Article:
Students respond to ‘major incident’ at music festival during emergency exercise
Friday 04 May 2018
Students were tested by a simulated major incident at a music festival during an emergency exercise staged by Coventry University.
They leapt into action during a series of mock scenarios which involved festival-goers being poisoned by gas and a fire breaking out at the venue.
The fast-paced day also saw them react to the longer-term consequences of the disaster, including playing the roles of hospital managers having to prioritise patients and of those first on the scene who later gave evidence in the resulting public inquiry.
It was the first time Coventry University has staged a simulation day in this way, involving students from a wide variety of courses.
It aimed to give them a realistic experience of dealing with the type of emergency situation they may encounter in their future careers.
The event – called CovSim 2018 - was also designed to give them an insight into the range of disciplines that become involved when a major incident takes place – including paramedics, disaster management teams, hospital managers, journalists and legal professionals.
The Sim Centre, in the university’s Technology Park, hosted the first part of the day with images from the music festival projected on to the giant screen, while students had to work together to contain the unfolding disaster and treat the casualties.
The mock hospital wards and courtroom on the university campus were used for the later stages of the simulation.
Dozens of students and staff from a range of courses, including: nursing, paramedic science, emergency planning and disaster management, media, law and health leadership and management, took part in the day.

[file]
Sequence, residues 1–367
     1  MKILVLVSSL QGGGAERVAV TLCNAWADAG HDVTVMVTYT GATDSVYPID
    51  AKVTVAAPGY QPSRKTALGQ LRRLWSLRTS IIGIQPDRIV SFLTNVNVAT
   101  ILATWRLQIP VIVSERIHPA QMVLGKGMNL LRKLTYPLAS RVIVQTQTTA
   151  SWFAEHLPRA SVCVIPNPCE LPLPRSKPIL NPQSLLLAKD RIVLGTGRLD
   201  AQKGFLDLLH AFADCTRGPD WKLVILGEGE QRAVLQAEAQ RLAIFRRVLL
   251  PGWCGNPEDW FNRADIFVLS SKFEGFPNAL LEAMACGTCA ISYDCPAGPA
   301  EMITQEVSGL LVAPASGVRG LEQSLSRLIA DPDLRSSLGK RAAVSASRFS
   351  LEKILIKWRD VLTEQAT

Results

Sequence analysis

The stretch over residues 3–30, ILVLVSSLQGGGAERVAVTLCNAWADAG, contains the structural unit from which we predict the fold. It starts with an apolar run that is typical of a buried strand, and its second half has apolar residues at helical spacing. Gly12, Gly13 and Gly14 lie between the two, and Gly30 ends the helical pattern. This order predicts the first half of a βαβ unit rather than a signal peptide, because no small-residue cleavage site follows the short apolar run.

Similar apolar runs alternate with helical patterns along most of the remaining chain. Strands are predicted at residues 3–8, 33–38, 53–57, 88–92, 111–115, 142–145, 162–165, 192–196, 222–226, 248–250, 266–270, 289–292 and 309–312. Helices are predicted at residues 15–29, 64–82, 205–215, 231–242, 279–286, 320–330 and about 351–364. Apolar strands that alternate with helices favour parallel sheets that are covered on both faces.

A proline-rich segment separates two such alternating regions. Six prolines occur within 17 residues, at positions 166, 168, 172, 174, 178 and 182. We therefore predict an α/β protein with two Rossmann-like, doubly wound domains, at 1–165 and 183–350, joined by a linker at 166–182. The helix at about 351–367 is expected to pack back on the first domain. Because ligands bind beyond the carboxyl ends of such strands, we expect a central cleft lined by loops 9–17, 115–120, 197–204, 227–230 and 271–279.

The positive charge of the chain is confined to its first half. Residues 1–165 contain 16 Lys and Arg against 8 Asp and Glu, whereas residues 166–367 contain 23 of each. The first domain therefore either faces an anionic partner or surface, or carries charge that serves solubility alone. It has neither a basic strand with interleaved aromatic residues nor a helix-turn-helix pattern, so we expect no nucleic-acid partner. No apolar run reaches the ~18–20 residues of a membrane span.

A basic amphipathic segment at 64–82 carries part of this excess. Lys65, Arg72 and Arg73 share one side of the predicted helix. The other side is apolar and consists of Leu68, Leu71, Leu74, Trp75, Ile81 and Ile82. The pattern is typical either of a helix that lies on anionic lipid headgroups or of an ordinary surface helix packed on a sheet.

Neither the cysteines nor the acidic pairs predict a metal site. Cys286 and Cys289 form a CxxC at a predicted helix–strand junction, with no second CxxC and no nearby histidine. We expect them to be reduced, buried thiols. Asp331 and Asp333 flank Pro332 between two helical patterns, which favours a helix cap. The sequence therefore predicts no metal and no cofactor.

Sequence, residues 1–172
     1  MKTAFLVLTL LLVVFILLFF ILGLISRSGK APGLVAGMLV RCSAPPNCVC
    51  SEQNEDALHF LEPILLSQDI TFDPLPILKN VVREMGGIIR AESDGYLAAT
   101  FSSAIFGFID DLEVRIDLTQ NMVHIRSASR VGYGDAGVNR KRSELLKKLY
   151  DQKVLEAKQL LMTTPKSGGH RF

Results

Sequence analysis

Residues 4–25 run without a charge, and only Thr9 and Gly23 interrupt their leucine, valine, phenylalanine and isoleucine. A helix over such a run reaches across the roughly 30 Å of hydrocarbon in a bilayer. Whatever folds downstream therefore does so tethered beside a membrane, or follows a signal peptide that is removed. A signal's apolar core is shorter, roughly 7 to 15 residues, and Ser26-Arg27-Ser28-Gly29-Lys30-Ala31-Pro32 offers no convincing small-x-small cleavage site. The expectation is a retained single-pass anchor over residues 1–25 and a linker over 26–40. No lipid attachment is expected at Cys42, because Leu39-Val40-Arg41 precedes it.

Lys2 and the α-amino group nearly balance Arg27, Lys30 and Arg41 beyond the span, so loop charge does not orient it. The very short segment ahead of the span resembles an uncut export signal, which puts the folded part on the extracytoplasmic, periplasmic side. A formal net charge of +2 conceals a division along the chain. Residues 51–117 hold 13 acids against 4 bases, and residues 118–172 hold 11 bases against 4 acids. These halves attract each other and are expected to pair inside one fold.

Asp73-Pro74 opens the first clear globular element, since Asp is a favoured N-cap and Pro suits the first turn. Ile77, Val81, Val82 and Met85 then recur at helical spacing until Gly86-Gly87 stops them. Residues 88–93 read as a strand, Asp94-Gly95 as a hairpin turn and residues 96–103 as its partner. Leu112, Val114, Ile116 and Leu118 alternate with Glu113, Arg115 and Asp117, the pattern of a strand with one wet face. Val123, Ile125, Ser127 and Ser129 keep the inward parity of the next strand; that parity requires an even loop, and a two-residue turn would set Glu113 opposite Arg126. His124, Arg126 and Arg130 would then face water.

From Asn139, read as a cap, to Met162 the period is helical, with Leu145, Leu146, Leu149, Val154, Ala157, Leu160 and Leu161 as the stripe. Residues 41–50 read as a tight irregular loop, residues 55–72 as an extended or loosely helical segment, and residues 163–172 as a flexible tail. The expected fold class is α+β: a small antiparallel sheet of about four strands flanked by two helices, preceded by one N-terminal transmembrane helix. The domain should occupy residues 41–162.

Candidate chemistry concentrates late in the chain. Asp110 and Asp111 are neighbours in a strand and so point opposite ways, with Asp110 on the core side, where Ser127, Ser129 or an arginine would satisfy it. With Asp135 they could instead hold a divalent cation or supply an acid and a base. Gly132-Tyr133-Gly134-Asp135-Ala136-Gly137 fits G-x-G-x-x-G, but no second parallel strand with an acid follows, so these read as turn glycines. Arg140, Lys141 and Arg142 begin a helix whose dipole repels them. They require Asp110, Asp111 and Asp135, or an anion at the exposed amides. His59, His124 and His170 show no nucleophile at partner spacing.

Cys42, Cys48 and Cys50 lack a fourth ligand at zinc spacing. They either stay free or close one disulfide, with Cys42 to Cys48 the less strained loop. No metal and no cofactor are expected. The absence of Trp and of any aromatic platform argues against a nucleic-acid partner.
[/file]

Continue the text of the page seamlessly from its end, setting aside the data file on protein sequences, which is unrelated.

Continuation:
Service users played the role of festival-goers injured by the gas and fire.
Organisers say the event was a big success and will be holding other events later in the year.
Adam Layland, a senior lecturer in health leadership and management who helped organise the simulation day, said:
This was an exciting day which really gave our students a taste of the drama and decision-making that surrounds a major incident.
We don’t know when they may be called on to deal with such a crisis in their future careers – but we want them to be as ready for it as possible.
This was a really innovative and creative way of giving them this crucial practical experience in a safe situation – and helping their future employability.
It was a unique event because it gave students a chance to see the whole thing from different points of view and recreate a variety of scenarios from the immediate aftermath at the scene to a public inquiry several months later.”
For further press information, please contact Alison Martin, press officer, Coventry University, on 02477659752 or email firstname.lastname@example.org.